A growing number of innovations – all too often unnoticed – could have considerable benefits for billions of people across the globe. However, the list of transformative innovations below, are not those that will transform societies as a whole. Rather they have been selected because each in its own ways is focused more on the benefits it offers individuals, groups of individuals and communities. In their totality, these twelve should also have impact on preventing, preparing for and responding to future crises.

If used sensibly, these sorts of innovations should begin to have positive impacts in various ways around the world in 2019 and beyond.

  1. App turns phones into seismic sensors.

    An app is revolutionising earthquake detection. Called MyShake, it turns anyone’s smartphone into a seismology tool, detecting small as well as large earthquakes. Qingkai Kong from the University of California, Berkeley, is the app’s co-creator, and hopes that MyShake will take off in places that cannot afford expensive, dense networks of earthquake sensors, e.g., Nepal.


  2. Frugal innovation in Africa.

    An innovative lab in Lomé, Togo, has created the first “Made in Africa” 3D printer using e-waste. Woelab, a community tech hub, made the machine using little more than scrap metals, including old printers, computers and scanners. Having been shown a 3D printer intended for Woelab, the tech hub’s young innovators decided to build their own. ‘We wanted to see how we could build a new one but with our own resources.’ The initiative was triggered in 2013, and now there are at least 20 similar hubs across Africa, including Sudan, where 3D printers are creating prosthetic limbs.


  3. AI to find forced labour camps.

    Through machine learning, satellite imagery will be able to automatically recognise brick kilns, which provide work for approximately 5 million people across South Asia – 70% of whom are thought to be working under duress. According to University of Nottingham’s Kevin Bales, the project leader, this innovation will help to automatically recognise somewhere in the region of 50,000 kiln sites, many of which are forced labour sites. ‘A lot of slavery is visible from space,’ says Bales.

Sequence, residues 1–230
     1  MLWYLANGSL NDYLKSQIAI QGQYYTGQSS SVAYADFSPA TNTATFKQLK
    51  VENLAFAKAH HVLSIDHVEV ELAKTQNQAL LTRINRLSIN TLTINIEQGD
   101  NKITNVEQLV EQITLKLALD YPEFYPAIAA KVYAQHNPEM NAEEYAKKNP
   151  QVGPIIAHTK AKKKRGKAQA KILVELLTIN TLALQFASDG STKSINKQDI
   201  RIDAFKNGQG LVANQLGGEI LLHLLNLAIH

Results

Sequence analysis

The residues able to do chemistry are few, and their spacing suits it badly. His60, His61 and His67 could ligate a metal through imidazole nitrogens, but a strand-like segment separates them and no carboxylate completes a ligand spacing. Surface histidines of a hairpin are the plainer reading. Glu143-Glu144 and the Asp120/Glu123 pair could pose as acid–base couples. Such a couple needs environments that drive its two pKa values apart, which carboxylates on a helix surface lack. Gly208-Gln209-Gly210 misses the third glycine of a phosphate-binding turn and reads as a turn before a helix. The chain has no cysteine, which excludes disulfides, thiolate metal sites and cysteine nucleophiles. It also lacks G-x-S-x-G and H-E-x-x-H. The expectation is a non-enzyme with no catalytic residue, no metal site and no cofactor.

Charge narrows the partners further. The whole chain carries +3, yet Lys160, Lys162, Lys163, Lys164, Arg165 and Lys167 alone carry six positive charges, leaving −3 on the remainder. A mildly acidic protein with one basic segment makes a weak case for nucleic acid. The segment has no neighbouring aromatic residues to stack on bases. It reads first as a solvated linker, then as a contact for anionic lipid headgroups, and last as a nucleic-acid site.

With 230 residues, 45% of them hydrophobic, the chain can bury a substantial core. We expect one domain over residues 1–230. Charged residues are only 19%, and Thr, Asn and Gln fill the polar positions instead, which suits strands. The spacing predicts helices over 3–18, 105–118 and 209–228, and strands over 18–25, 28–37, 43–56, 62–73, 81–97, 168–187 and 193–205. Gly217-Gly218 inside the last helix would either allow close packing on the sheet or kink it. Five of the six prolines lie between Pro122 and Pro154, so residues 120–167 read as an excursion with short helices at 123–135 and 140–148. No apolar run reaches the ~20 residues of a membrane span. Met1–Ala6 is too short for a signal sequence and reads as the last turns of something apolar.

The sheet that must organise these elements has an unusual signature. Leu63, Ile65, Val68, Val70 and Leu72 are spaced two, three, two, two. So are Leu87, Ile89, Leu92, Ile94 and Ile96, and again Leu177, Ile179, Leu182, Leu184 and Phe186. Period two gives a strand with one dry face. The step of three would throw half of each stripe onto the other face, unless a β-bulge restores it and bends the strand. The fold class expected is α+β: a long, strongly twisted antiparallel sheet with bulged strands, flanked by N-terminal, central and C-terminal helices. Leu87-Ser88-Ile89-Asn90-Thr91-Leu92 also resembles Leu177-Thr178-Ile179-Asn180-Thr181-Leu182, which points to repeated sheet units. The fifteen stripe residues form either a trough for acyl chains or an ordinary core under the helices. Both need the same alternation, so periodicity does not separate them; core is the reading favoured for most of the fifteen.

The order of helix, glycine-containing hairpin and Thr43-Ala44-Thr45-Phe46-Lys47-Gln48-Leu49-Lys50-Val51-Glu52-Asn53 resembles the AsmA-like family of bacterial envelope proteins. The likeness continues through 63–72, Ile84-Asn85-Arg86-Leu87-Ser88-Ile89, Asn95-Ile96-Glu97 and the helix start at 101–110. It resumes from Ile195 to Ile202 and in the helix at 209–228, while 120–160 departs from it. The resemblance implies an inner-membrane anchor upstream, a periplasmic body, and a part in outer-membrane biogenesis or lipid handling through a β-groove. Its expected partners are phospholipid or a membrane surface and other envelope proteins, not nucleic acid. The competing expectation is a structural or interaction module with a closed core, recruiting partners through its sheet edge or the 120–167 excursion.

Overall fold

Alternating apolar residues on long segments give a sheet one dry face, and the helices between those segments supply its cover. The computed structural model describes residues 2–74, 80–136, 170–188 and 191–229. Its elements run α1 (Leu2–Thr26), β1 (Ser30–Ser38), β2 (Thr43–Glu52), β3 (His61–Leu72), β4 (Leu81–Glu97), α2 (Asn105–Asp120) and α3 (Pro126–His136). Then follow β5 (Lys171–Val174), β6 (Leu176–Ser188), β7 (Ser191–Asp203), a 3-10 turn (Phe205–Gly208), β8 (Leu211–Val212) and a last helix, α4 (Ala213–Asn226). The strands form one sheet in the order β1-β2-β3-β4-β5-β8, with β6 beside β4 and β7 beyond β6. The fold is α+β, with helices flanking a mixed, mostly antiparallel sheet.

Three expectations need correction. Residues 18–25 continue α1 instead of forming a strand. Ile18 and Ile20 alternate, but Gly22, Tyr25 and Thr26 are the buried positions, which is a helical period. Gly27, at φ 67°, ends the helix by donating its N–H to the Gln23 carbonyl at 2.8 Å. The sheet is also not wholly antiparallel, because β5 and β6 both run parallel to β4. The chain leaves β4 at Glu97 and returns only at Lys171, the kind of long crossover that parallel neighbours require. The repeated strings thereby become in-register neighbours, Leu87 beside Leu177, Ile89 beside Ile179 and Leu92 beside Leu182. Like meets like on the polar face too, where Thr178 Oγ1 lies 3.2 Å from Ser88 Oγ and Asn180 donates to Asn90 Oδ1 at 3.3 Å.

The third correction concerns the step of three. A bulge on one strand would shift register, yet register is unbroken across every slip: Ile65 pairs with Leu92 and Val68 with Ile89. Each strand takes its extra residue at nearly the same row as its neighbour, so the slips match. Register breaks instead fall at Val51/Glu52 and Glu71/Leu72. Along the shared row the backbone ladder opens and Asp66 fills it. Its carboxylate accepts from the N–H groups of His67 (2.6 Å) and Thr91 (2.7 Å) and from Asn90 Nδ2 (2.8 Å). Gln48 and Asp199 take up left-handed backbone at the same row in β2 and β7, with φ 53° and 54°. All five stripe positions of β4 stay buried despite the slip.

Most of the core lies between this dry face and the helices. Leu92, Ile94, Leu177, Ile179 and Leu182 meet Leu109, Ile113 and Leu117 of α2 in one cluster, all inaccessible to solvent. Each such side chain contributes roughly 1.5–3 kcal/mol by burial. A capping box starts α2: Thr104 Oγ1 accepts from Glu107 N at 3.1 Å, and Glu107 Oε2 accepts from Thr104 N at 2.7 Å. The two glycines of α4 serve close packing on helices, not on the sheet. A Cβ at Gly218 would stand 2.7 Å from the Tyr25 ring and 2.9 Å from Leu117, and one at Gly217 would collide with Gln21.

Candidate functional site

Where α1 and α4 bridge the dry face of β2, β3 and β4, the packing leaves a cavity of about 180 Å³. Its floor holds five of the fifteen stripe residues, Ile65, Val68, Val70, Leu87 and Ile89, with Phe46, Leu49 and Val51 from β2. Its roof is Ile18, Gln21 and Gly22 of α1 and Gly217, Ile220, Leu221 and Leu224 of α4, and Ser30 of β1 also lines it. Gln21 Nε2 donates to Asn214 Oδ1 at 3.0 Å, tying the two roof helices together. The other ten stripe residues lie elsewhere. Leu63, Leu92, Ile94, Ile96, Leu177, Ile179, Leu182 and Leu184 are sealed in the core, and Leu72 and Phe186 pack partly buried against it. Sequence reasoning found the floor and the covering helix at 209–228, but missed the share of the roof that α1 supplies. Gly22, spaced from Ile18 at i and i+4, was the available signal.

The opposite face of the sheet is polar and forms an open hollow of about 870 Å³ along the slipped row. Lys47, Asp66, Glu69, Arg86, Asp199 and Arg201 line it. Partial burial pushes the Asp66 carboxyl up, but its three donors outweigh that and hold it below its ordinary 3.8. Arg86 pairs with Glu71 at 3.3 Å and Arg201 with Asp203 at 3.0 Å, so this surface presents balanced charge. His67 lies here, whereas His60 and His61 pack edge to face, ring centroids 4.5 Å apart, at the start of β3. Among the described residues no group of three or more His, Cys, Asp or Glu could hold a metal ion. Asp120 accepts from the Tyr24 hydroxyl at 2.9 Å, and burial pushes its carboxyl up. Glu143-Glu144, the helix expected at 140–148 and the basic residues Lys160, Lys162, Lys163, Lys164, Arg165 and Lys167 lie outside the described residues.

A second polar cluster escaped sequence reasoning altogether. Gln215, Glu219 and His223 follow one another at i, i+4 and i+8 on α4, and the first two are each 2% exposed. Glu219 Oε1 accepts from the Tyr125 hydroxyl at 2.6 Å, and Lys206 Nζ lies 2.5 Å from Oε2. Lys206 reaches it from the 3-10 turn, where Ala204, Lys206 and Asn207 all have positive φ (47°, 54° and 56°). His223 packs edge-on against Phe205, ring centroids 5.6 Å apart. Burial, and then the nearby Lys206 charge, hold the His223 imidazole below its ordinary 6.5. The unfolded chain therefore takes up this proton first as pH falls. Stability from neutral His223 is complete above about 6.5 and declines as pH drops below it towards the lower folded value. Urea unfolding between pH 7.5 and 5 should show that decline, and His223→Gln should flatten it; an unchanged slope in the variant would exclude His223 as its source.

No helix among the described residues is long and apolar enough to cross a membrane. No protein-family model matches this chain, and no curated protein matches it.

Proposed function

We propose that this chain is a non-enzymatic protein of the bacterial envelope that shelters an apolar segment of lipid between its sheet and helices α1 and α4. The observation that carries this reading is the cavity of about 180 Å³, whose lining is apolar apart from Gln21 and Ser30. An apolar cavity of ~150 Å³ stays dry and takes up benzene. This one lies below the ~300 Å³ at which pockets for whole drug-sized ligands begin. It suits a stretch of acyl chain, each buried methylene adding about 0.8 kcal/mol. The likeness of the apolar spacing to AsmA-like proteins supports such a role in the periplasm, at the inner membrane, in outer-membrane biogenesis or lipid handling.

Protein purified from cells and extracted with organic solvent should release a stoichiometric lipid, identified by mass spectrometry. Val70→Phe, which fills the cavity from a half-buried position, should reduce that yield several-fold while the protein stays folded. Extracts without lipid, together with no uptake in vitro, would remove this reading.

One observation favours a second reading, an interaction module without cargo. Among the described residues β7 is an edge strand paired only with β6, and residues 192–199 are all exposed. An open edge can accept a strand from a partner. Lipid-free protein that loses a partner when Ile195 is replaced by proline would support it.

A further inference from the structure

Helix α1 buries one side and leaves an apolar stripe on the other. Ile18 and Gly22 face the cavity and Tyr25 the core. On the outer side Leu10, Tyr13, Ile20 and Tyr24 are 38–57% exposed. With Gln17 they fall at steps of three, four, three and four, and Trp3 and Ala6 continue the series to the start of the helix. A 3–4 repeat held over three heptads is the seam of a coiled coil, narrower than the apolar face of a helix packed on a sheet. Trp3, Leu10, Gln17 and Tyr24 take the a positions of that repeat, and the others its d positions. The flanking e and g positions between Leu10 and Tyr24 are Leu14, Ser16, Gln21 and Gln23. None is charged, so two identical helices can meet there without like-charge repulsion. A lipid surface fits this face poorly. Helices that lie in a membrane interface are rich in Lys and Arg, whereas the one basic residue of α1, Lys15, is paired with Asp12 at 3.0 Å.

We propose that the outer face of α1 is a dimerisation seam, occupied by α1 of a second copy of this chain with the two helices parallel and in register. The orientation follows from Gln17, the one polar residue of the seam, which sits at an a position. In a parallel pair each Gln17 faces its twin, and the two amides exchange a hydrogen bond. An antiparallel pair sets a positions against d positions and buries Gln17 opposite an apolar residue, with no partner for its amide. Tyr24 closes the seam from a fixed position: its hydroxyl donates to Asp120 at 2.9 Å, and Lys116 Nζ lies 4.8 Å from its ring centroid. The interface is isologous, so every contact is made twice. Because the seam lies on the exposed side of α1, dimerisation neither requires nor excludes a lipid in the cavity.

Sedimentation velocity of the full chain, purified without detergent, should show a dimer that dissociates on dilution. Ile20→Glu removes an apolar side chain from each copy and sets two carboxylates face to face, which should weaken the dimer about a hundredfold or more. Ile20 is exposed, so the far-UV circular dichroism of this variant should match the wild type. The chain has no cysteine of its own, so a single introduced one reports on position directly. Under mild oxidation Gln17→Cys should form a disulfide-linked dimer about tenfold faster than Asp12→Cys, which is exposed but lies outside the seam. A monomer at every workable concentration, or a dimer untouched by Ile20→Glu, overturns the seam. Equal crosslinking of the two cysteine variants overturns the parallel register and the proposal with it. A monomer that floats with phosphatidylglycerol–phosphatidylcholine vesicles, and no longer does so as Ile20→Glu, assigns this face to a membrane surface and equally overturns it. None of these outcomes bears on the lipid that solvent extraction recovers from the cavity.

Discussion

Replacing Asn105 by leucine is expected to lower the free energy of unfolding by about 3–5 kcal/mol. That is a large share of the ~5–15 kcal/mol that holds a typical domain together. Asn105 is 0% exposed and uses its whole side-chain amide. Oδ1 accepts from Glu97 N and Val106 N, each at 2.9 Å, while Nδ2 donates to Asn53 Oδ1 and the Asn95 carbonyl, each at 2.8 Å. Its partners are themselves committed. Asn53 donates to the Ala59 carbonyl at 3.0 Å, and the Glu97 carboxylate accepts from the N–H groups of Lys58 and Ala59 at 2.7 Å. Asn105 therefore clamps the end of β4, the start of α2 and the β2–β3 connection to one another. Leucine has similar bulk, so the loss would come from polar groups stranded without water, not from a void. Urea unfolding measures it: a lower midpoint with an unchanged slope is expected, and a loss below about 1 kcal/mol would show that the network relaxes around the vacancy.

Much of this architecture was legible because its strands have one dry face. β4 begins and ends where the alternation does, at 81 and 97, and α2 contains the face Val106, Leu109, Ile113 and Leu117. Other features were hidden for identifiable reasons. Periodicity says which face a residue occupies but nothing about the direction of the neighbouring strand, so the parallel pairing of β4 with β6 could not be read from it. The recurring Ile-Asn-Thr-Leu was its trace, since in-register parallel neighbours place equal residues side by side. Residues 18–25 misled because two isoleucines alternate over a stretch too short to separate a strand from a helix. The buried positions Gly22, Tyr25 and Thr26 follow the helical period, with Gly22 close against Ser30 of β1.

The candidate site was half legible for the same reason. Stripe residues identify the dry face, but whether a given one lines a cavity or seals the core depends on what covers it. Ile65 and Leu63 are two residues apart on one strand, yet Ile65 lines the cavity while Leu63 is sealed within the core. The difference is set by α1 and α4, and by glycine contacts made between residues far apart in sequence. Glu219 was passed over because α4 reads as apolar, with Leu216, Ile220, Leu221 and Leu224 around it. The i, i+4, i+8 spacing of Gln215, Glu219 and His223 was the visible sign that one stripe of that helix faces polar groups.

4. Recharge your phone with your breath.

    Water droplets might seem an unlikely source of energy, but thin layers of graphite spread across a mobile phone can capture static electricity, which in turn can create an electric charge able to power that phone. And, one’s breath can provide adequate water droplets to trigger the process.

    Ref: Advanced Materials, DOI:10.1002/adma.201805705

  5. A lab-on-a-chip for farmers.

    The BASF subsidiary company trinamiX GmbH has developed a prototype point-and-click device – Hertzstuck – that will enable farmers to make better decisions about critical issues such as the right time to harvest or the quality of the products, e.g., fertilisers, seeds, that they are using. According to Ingmar Bruder, trinamiX’s Managing Director, ’There’s a real need for determining whether the herbicides [farmers] buy are the real deal or inferior counterfeits….European companies lose a billion euros a year to fake herbicides, and the farmers can have their crops ruined because of it.’


  6. Transformers’ Summit to provide solutions for Earth’s cities.

    Some 3.5 billion people live in cities – half of humanity – and the number is growing by tens of thousands every day. Yet, the reality is that cities face huge social and environmental challenges, and the Islamic Development Bank’s Transformers Summit (10 December 2018) is intended to put science, innovation and technology in the forefront of efforts to address the challenges laid out in the UN’s Sustainable Development Goal 11.